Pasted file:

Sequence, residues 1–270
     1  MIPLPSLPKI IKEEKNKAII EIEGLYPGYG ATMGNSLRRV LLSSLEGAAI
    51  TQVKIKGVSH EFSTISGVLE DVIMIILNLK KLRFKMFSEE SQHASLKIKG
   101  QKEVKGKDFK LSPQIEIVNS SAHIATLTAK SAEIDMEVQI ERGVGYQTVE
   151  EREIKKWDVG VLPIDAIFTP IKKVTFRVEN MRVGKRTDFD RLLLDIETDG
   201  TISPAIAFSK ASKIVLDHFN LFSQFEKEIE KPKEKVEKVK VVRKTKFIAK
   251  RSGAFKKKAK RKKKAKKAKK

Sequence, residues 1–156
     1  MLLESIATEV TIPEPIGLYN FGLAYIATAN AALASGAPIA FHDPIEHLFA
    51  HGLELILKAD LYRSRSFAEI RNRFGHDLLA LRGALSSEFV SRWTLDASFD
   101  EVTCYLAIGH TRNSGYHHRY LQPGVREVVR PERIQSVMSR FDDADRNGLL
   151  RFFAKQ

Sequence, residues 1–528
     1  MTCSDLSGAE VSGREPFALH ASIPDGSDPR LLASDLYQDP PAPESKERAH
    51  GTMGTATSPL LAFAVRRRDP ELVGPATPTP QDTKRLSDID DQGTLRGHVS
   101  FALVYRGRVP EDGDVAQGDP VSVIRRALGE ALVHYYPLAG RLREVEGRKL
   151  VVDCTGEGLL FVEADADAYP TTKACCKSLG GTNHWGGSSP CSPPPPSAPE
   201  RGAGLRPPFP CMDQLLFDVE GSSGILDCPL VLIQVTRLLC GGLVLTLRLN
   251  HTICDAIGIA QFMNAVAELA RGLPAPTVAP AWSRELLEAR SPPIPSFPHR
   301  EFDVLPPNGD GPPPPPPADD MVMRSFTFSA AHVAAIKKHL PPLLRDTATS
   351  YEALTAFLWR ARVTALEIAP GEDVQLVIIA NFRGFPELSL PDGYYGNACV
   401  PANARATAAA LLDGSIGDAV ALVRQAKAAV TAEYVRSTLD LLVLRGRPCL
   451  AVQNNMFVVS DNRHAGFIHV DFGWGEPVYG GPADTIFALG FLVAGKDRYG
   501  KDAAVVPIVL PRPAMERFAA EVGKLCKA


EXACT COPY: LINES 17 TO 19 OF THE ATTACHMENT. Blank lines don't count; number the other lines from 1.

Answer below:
   151  VVDCTGEGLL FVEADADAYP TTKACCKSLG GTNHWGGSSP CSPPPPSAPE
   201  RGAGLRPPFP CMDQLLFDVE GSSGILDCPL VLIQVTRLLC GGLVLTLRLN
   251  HTICDAIGIA QFMNAVAELA RGLPAPTVAP AWSRELLEAR SPPIPSFPHR